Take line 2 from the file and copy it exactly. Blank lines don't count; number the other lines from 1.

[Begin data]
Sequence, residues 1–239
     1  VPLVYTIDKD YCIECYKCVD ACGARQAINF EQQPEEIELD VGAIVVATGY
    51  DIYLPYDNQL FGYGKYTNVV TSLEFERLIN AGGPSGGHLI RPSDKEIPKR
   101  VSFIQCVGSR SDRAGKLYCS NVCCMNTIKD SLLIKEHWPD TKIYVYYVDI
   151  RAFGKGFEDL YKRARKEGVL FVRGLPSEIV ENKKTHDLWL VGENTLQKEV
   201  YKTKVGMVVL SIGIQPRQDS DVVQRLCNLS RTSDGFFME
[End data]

     1  VPLVYTIDKD YCIECYKCVD ACGARQAINF EQQPEEIELD VGAIVVATGY